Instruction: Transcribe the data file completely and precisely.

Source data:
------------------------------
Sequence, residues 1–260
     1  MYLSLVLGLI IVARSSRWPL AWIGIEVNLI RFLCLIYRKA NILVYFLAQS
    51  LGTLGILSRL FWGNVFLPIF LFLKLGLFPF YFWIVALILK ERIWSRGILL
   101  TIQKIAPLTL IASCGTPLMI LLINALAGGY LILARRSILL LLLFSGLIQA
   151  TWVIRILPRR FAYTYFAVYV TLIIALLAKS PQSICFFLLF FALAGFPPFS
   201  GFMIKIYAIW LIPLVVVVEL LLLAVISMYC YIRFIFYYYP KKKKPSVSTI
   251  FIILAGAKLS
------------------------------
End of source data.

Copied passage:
Sequence, residues 1–260
     1  MYLSLVLGLI IVARSSRWPL AWIGIEVNLI RFLCLIYRKA NILVYFLAQS
    51  LGTLGILSRL FWGNVFLPIF LFLKLGLFPF YFWIVALILK ERIWSRGILL
   101  TIQKIAPLTL IASCGTPLMI LLINALAGGY LILARRSILL LLLFSGLIQA
   151  TWVIRILPRR FAYTYFAVYV TLIIALLAKS PQSICFFLLF FALAGFPPFS
   201  GFMIKIYAIW LIPLVVVVEL LLLAVISMYC YIRFIFYYYP KKKKPSVSTI
   251  FIILAGAKLS